Summary and Info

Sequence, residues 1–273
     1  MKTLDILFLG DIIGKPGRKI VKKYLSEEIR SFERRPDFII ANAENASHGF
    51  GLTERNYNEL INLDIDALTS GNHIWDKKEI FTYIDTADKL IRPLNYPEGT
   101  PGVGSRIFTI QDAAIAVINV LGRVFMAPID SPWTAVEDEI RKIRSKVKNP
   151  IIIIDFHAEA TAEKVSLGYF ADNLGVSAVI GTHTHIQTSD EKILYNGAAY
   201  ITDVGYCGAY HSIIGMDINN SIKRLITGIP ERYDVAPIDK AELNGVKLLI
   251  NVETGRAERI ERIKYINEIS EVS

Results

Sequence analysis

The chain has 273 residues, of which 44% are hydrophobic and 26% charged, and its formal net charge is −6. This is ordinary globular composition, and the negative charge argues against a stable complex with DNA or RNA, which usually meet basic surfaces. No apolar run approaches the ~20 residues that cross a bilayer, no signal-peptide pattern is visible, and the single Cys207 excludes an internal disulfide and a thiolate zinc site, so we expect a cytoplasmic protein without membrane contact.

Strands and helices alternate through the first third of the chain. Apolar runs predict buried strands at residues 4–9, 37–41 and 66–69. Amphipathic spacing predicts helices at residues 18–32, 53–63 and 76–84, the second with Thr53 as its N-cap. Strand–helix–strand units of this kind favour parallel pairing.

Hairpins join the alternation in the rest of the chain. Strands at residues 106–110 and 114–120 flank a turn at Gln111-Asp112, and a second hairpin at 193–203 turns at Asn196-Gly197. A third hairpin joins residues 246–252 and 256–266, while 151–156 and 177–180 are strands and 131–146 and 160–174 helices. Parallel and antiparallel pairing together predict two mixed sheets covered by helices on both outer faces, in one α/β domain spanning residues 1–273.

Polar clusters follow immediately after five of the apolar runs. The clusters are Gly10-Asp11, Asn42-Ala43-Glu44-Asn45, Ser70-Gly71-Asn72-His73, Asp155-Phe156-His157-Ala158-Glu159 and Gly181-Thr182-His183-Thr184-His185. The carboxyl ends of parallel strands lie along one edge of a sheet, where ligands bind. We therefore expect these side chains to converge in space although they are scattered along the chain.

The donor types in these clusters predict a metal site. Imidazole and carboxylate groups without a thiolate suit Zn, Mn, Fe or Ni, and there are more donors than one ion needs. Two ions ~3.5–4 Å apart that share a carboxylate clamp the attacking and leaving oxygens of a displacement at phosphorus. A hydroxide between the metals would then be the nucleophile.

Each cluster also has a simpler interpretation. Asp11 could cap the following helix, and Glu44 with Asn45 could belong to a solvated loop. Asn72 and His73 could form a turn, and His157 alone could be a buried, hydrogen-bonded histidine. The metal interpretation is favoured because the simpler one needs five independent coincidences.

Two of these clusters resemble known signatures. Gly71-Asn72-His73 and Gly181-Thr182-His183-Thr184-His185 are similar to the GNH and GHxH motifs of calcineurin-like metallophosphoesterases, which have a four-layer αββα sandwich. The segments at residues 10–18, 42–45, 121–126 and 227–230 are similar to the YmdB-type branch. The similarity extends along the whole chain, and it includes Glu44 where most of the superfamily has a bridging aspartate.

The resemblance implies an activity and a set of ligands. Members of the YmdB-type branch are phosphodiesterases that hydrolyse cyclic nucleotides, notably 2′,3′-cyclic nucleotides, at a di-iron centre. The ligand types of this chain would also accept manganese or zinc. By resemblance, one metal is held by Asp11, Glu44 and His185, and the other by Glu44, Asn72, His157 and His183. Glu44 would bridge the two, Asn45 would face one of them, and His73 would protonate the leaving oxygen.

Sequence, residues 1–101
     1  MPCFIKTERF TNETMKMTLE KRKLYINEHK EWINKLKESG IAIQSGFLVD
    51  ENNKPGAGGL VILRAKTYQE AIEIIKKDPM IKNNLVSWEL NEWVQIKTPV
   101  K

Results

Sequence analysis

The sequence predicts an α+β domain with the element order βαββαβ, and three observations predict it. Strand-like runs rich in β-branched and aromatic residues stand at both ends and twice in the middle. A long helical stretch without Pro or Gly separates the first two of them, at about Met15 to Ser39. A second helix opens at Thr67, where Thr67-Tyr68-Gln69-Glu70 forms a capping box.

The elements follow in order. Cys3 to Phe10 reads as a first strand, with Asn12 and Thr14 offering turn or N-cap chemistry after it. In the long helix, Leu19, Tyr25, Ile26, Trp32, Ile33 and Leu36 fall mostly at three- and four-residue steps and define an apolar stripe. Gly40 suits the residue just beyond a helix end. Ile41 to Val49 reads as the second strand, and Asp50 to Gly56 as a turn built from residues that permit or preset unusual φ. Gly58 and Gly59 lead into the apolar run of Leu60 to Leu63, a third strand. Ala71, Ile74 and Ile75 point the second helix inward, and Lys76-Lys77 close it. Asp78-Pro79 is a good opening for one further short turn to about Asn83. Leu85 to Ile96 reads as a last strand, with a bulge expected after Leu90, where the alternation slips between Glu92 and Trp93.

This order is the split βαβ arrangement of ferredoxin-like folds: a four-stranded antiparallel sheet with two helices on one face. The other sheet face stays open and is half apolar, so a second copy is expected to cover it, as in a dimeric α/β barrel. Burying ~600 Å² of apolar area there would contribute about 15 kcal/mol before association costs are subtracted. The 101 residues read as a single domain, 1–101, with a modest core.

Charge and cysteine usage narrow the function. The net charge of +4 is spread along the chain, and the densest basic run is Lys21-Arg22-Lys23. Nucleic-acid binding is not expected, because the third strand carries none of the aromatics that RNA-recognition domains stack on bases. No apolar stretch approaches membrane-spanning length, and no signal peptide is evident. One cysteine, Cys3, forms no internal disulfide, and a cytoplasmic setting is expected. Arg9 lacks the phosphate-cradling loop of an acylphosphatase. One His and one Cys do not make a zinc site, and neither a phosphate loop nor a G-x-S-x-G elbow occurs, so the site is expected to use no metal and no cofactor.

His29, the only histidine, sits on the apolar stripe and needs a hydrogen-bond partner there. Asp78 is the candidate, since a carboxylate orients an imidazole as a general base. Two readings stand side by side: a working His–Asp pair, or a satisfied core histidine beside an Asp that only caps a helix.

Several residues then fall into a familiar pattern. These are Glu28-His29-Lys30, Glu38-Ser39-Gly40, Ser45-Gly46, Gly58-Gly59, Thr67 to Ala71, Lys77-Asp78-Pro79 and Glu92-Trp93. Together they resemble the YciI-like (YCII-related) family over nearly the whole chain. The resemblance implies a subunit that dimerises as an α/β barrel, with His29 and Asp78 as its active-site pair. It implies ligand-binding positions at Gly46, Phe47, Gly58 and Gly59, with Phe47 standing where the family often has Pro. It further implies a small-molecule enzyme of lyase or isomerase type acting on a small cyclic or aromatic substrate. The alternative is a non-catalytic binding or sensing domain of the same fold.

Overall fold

Glutamate is the major excitatory neurotransmitter in the mammalian central nervous system (CNS). It regulates normal CNS function, is a major participant in pathology, and serves learning, memory, and higher cognitive functions. The 12 chapters of this book provide the first comprehensive coverage of all the major features of glutamate as excitatory neurotransmitter. The book begins with a valuable historical backdrop. Building from a chapter on the common structure of glutamate receptors, several others cover the major ionotropic receptors, their structure, function, and pharmacology. A follow-up chapter discusses the metabotropic receptors that are directly coupled to second messenger metabolism. A central theme of the book is the capacity of the excitatory amino acid system to contribute to the diverse array of signaling systems in the CNS as a direct result of the large assortment of receptors (including, for the ionotropic receptors, various subunits) the combination of which determine distinct functional properties. A recent development in the field discussed in several chapters is the biochemical characterization of a supermolecular protein complex, the post-synaptic density, that makes the unique structure of excitatory synapses. This complex subserves the experience-dependent modulation of synaptic strength and synaptic plasticity, and gives the synapse the capacity to change dynamically in both structure and receptor composition. Drawing on the individual properties of the receptors, transporters, and functional architecture of the synapse, the concluding chapters describe the functional integration of these components in the more complex physiological processes of plasticity and pathology. Recognition that the regulation of excitatory amino acid receptor activity underlies the pathology of many neurological diseases, including stroke, Alzheimer's disease and schizophrenia, has opened up an exciting frontier that will allow the translation of our understanding of these basic mechanisms into new concepts of pathology and new therapeutic strategies. This book will be invaluable for neuroscientists, pharmacologists, neurologists, and psychiatrists, and for their students and trainees.
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